Apparently it takes a real hero, or a real jerk—anyway, someone unusually stubborn or arrogant or courageous—to insist that everyone else is simply wrong, even when they obviously are. That’s the bad news. The good news, though, is that the presence of even one fellow dissident produced nearly unanimous nonconformity. Which is why the NAS meeting was such a heady experience: it was downright exhilarating to be in a room with a few hundred others who also know which line is longest.

It’s hard to overstate the political lopsidedness of American college faculties these days. I think it was Thomas Sowell who said that the ideological spectrum usually ranges from left to far left. Those with views outside that range are likely to spend their working lives subjected to relentless academic groupthink, usually not so much conscious harassment as just the constant weight of assumption.

Incidentally, the bad guys in this business are not, for the most part, the former student radicals of the 1960’s. Those of us who still bear grudges from those days may like to think they are, but we need to be reminded that the 60’s are now as long past as the 30’s were then. It’s sobering to realize that our students see the days of the Free Speech Movement as either a mythical era when giants walked the earth or an irrelevant past that tiresome old fogeys get nostalgic about—either way, an epoch now lost in the mists of time. Sure, some of our old adversaries have now completed their Long March through the institutions and emerged as tenured wannabe thought-controllers. They’re doing their best to insure that, a generation from now, scholars who don’t share their opinions will be found only in disciplines like poultry science or in colleges named for living evangelists. They’re a problem: in particular, they put others’ commitment to a depoliticized academy to the test, because it’s hard not to want to purge people who would gladly purge you. But, outside a few departments here and there, they’re not the immediate problem.

That comes from a much more numerous and influential party of well-intentioned souls who practice what one speaker at the NAS meeting called, after Veblen, “conspicuous benevolence,” supporting programs and policies that demonstrate good will and political correctness, almost without regard for any other consequences. To those of us who can see which line is longest, for example, it’s perfectly obvious that quota systems undermine the self-confidence of their supposed beneficiaries and breed cynicism and resentment in others. That argument needs to be made (probably in an accent other than mine), but it will not move someone who is determined to show that he cares, that he is not “mean-spirited.” One speaker at the meeting confessed that this kind of amorphous mush almost makes him nostalgic for the old-timey academic Marxists, most of whom at least had some sense of intellectual rigor and believed there are more important questions than whether people feel good about themselves.

Anyway, maybe—just maybe—the tide is turning. Let me tell a story.

Ten or twelve years ago, my department chairman got a questionnaire from something called the Gay and Lesbian Task Force of the American Sociological Association, asking 1) how many members of our department were openly gay or lesbian and active in gay and lesbian causes, 2) how many were gay or lesbian, but not politically active, and 3) how many he thought might be gay or lesbian. (My colleague, a brilliant statistician and demographer, is a Brahmin from Kerala who takes a rather detached view of American academic politics. He photocopied the questionnaire and sent it around, essentially asking us to volunteer.)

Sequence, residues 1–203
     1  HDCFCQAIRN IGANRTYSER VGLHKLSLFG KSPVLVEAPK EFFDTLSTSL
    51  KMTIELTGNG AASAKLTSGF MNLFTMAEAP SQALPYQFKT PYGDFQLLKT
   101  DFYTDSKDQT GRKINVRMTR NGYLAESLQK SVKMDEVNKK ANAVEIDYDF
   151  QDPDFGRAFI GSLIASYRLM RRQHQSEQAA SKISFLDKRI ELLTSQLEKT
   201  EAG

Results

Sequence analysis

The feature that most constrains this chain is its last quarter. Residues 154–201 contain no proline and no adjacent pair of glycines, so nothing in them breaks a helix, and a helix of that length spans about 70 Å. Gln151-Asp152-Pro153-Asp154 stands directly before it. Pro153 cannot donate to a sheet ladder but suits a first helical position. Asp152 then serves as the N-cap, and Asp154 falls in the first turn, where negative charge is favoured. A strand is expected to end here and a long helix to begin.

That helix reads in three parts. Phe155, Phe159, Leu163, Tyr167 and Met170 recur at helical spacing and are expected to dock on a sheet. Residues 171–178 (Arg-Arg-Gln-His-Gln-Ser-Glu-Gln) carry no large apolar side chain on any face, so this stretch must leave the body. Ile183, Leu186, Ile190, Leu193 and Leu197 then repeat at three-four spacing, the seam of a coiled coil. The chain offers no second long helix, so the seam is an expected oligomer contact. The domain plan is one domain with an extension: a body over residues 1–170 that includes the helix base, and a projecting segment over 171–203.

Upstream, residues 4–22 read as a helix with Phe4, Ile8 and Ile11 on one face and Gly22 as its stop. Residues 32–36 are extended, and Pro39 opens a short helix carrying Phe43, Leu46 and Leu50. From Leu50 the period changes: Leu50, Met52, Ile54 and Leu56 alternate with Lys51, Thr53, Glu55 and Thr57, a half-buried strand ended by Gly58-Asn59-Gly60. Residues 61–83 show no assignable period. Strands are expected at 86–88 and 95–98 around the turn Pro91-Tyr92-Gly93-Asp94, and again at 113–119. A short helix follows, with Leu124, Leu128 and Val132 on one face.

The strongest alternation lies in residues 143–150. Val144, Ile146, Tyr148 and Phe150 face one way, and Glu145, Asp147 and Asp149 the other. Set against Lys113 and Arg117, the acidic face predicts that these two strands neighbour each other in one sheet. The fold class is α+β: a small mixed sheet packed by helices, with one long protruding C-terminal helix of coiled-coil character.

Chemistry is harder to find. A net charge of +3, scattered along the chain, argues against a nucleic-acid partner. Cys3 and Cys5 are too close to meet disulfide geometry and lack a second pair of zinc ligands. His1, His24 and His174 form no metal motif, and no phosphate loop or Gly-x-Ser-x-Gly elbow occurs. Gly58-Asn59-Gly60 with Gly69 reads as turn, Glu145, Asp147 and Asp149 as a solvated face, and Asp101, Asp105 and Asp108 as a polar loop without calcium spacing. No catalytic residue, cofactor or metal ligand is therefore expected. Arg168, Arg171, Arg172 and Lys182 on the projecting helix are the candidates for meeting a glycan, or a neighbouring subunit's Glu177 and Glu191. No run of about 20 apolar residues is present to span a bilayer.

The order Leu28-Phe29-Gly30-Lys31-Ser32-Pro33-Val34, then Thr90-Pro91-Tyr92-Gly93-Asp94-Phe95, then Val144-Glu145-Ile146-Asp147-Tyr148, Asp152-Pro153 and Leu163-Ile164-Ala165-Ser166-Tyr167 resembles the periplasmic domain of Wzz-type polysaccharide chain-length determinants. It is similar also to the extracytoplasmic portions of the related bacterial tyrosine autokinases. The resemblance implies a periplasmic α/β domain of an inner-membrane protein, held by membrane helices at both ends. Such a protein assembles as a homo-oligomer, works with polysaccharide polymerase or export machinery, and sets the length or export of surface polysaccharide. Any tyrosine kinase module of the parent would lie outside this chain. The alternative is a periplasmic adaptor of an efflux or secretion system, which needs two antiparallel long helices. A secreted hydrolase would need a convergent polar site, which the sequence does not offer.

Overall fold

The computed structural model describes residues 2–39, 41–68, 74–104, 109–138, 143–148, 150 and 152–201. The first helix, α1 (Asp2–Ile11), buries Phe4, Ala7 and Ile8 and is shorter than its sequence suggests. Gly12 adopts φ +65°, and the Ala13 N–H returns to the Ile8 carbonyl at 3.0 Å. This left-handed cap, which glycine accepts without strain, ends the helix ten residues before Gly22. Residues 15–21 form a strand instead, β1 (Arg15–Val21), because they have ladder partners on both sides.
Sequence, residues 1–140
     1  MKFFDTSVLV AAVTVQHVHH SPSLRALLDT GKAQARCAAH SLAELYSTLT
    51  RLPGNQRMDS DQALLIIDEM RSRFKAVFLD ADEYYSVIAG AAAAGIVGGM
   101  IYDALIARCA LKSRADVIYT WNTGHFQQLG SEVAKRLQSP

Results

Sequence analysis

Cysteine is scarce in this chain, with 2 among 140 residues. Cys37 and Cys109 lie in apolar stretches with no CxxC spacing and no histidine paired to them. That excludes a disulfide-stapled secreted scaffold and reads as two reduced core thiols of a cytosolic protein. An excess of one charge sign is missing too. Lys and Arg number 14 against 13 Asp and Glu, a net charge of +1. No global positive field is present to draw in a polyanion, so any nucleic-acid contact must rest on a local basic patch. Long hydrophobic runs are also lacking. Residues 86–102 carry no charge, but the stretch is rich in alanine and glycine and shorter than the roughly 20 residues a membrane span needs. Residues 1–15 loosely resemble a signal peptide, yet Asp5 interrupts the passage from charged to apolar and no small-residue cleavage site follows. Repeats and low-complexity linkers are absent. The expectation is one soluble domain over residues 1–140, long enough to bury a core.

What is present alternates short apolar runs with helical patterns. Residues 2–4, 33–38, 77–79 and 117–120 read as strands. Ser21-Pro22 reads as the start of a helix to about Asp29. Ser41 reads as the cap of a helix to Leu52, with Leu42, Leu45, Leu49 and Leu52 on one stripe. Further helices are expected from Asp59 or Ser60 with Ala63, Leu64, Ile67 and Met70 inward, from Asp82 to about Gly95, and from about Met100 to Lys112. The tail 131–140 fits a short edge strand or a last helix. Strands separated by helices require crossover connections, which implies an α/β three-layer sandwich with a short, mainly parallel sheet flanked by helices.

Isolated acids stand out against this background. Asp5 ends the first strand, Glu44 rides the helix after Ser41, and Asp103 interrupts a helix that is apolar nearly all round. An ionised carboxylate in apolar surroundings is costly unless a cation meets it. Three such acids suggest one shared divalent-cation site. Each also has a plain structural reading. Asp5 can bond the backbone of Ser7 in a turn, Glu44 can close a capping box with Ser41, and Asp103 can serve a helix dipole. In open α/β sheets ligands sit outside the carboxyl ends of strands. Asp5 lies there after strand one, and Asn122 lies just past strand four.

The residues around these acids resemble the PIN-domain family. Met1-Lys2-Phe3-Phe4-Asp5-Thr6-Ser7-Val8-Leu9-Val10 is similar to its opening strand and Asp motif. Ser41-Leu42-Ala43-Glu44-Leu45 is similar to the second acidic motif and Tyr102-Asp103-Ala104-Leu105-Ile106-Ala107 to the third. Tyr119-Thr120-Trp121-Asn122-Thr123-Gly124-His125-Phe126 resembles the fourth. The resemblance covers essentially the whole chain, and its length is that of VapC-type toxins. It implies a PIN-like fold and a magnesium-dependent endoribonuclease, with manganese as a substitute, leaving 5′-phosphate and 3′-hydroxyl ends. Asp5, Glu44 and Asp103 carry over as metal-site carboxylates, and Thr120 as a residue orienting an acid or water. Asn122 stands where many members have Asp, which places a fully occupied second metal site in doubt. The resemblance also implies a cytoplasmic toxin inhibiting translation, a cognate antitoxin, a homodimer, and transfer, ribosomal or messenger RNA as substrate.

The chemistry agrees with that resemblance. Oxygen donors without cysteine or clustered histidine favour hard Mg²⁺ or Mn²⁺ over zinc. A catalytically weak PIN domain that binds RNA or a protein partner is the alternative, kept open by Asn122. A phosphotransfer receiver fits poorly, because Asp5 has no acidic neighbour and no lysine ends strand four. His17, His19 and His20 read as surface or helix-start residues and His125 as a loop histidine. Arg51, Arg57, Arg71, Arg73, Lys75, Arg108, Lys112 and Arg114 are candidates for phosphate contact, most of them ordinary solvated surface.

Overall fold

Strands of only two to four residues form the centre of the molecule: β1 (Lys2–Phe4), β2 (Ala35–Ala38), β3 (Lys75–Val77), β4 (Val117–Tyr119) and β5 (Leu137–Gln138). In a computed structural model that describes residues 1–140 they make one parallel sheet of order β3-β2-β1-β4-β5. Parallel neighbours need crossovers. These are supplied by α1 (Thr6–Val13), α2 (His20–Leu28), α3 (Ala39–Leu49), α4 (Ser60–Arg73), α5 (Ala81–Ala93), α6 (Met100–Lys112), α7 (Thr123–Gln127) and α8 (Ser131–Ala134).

The NAS meeting reminded me of that episode. Deviants of the sort the NAS speaks for are also a vastly outnumbered and sometimes persecuted minority, although I wouldn’t want to push the analogy too far. (Nobody’s suggested quotas for us yet—and I hope nobody does, because I’d be tempted.) We, too, come in varying degrees of outspokenness. Not many are willing, at least not yet, to be active in an organization like the NAS. But there are more who make little secret of sharing our views. They may not feel as strongly about them, or they may feel they have better things to do than fight for lost causes (I often feel that way myself), but their mere existence makes an important contribution, as the Asch experiment suggests. It may be wishful thinking, but I believe there are more such witnesses than there were a decade ago. Ironically, the politicization of our campuses may have brought this about. People who constantly ask “Which side are you on?” are sometimes going to get an answer they don’t want.

Perhaps even more encouraging are what I take to be signs that a growing number of our colleagues think straight in private. They really know which line is longest, in other words, but aren’t yet ready to be disagreeable about it. Those of us who are ready, and willing, have all had colleagues sidle up to us, glance furtively about, and whisper that we’re right about something. My favorite example is the friend who told me in 1984 that he was going to vote Republican—but asked me not to tell his wife. I’ve even had a few colleagues tell me that they read Chronicles. You can bet they get their subscriptions at home, not at the office, but it’s a start. When you’re ready to come out of the closet, fellows, you can join the NAS for $30.00 a year ($15.00 for graduate students). The address is Suite 250 East, 20 Nassau Street, Princeton, N.J. 08542. Nonacademic sympathizers and curiosity-seekers can subscribe to Academic Questions for the same price.